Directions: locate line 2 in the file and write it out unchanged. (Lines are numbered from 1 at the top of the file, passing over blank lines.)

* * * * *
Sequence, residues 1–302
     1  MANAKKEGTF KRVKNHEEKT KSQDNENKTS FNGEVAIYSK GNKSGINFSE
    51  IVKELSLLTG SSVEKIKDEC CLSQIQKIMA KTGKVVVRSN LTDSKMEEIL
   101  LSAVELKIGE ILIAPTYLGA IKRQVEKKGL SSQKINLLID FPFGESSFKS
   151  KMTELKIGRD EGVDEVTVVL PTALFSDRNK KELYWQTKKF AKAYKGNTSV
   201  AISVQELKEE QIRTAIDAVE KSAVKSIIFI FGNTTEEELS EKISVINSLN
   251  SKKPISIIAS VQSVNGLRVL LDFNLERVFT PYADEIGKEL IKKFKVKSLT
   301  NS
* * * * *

     1  MANAKKEGTF KRVKNHEEKT KSQDNENKTS FNGEVAIYSK GNKSGINFSE